Another rising star of risk management share their thoughts on the four things set to change and advance in the financial sector. Thomas Bergermayer, Market Risk Manager at Erste Group, tells RiskMinds365 his thoughts on the future.
‘The next ten years in risk functions will [...] be quite unlike the last. The drivers of change will not be financial recovery and regulatory compliance, but technology-driven changes to banks’ business models and to the machinery of risk management. Ultimately, the transformation brought on by these developments could be greater than the cumulative changes of the last ten years.’
-Garside & Mitchell (2017)
Thoughts on upcoming developments in risk management are tightly connected to projecting the future requirements and necessary skills of a risk manager. Will dealing with application forms, documentation tools and Excel sheets still be the major part of the job? Or will the creation of algorithms, the investigation of complex data connections and artificial neural networks occupy most a risk manager’s working hours?
According to a study by McKinsey (Härle et al, 2015), currently half of the risk management staff is working on administrative tasks, such as credit processing, whereas only 15 percent are dedicated to analytics. Estimating ten years into the future, these numbers would have shifted dramatically, leaving 25 percent to the administrative tasks and 40 percent to number crunching and development of algorithms. Similarly, Garside and Mitchell (2017) also see administrative tasks shrinking to half their size and the percentage of strategic advisers increasing from 20% to 35%. So, who will belong to these up-and-coming groups? Often the trending classification “Data Scientist” is named in this context. While well-functioning IT areas are even more essential for successful banks in the future, the people handling the data are equally important.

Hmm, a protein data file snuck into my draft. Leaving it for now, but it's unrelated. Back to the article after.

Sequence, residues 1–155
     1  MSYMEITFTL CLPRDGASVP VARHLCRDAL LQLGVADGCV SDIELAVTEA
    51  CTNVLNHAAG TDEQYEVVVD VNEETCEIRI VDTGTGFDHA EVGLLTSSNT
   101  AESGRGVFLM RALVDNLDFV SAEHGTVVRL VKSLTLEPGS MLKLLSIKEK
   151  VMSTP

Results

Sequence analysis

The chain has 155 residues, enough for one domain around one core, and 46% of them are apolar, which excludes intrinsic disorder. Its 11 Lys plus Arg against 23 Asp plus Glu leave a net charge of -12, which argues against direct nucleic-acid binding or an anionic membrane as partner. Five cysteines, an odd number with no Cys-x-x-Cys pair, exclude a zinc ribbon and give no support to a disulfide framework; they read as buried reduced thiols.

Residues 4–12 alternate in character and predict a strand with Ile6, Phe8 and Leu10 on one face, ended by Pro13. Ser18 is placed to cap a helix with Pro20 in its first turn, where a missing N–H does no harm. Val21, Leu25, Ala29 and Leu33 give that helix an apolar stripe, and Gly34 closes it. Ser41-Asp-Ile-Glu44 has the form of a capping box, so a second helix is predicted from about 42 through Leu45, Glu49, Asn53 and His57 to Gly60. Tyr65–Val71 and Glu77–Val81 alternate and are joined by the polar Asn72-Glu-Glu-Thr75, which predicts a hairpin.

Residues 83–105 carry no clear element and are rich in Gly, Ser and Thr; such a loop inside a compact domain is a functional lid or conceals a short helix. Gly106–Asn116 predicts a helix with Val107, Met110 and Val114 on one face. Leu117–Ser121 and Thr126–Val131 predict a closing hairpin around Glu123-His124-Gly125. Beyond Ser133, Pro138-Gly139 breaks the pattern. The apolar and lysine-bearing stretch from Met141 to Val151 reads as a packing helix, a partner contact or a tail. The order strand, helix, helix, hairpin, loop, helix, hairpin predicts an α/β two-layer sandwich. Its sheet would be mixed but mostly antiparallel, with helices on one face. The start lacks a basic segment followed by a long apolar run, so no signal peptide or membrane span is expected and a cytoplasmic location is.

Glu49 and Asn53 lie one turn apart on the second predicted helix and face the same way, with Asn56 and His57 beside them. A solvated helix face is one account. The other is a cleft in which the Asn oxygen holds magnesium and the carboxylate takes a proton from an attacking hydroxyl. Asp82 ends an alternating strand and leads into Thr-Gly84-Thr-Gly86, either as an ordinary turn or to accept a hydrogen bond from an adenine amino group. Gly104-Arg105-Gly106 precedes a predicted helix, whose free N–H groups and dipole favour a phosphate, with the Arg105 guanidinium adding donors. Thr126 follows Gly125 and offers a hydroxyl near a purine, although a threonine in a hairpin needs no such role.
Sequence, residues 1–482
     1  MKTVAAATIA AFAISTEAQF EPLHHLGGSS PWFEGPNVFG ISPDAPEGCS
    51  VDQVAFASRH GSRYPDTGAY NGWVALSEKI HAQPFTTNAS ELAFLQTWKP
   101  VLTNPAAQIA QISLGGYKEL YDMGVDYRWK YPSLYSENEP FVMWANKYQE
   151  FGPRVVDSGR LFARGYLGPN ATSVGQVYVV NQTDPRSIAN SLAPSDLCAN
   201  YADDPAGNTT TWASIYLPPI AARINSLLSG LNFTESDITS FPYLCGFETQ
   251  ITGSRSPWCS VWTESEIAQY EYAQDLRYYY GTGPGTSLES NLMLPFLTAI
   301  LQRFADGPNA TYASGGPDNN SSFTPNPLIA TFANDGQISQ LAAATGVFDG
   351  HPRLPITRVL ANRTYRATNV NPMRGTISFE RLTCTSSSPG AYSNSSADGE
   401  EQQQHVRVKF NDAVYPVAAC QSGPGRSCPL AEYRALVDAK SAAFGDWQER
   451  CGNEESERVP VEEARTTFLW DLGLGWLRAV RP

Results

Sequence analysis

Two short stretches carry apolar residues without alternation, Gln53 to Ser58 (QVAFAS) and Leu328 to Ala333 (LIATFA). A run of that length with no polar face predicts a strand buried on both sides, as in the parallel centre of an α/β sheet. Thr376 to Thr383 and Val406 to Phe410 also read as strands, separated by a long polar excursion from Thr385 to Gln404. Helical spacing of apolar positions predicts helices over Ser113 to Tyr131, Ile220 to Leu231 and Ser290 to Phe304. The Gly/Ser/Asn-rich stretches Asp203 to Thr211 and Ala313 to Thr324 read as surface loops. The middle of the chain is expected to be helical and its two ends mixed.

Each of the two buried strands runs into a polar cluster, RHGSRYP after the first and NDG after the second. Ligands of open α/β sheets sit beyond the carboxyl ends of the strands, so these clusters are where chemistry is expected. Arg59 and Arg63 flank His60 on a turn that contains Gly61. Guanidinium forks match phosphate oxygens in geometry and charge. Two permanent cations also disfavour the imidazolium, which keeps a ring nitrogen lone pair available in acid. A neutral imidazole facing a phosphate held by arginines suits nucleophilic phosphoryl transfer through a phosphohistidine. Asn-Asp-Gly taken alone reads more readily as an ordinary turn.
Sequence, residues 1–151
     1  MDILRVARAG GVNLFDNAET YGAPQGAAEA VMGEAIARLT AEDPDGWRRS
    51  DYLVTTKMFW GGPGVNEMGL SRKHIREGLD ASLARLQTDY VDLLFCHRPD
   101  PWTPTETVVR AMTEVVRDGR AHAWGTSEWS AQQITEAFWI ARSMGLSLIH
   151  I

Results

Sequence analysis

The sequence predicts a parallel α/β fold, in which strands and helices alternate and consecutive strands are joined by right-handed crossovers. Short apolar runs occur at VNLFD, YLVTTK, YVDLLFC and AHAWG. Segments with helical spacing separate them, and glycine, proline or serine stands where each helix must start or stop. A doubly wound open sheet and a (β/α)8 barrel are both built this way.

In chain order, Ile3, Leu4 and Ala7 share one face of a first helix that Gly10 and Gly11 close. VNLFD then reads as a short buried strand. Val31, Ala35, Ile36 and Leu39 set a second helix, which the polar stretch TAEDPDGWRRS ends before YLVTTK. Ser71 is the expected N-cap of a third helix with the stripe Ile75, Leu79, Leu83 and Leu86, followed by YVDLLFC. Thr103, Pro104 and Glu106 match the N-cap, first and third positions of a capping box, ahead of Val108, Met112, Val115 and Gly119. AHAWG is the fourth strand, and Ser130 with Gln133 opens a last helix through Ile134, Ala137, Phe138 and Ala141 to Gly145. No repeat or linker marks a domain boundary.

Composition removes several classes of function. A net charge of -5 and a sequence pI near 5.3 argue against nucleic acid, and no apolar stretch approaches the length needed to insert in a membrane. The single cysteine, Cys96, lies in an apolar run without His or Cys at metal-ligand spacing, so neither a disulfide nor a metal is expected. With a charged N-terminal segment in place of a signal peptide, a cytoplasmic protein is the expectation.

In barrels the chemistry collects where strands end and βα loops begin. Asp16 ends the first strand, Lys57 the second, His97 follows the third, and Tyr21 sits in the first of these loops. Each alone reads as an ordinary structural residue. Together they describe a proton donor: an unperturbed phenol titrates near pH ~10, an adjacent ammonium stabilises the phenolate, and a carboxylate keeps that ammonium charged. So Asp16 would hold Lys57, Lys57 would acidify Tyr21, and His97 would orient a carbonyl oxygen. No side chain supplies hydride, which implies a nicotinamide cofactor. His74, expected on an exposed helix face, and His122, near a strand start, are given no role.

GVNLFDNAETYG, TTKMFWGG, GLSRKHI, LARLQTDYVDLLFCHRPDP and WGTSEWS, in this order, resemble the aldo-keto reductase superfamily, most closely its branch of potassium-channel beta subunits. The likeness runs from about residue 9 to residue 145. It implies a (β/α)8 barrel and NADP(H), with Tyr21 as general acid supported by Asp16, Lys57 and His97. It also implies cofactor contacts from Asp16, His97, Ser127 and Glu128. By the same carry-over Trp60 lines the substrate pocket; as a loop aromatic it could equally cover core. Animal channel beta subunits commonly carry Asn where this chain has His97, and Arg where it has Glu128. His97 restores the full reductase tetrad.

But what defines a data scientist and is he or she still a risk manager as we know it? While some might view “data science” as a more modern label describing statistics, there are a couple of fields combined in this term. As Cheema (2017) describes it in his article, there are four main ingredients – data, technology, science and business.
Data & Technology
The aggregation and storage of data is more popular than ever and although banks are continuously increasing their capacities, they are facing the problem of creating data silos within their own organization. Without meaningful data systems and possibilities to connect information stemming from various source systems, these large piles of data are unusable.
The science component builds on the database, creating meaningful analyses and predictions. Deep learning and neural networks build on traditional statistics. In order to realise these innovations, a sound technological background is needed.
Business, the fourth component, should not be underestimated, as the best models are only truly useful if detected correlations have an economical background and resulting conclusions are actively explained and applied to the existing business.
Data scientists in risk management, as well as in the whole bank, work together and combine these requirements to overcome potential future challenges to the field. Self-learning models and neural networks will need time until they receive regulatory approval with the root problem being the inability to validate these new inventions using traditional methods.
In addition, while developments like Crowdsourcing might be able to boost technological progress, they also incorporate substantial additional requirements for privacy and data protection.
To conclude the opening remarks – as the area and definition of risk management will develop and change significantly over the next years, the operative people, the risk managers, will evolve as well.
The views expressed herein are the views of the author and do not necessarily reflect the opinion of Erste Group Bank AG. The information herein cannot be used to infer any opinion about the future financial position of Erste Group Bank AG. This document does not constitute an offer or invitation to purchase or subscribe for any shares or other securities issued by Erste Group Bank AG or any of its subsidiaries and neither it nor any part of it shall form the basis of or be relied upon in connection with any contract or commitment whatsoever. The information contained herein and this presentation shall not be further disseminated without written consent of the author.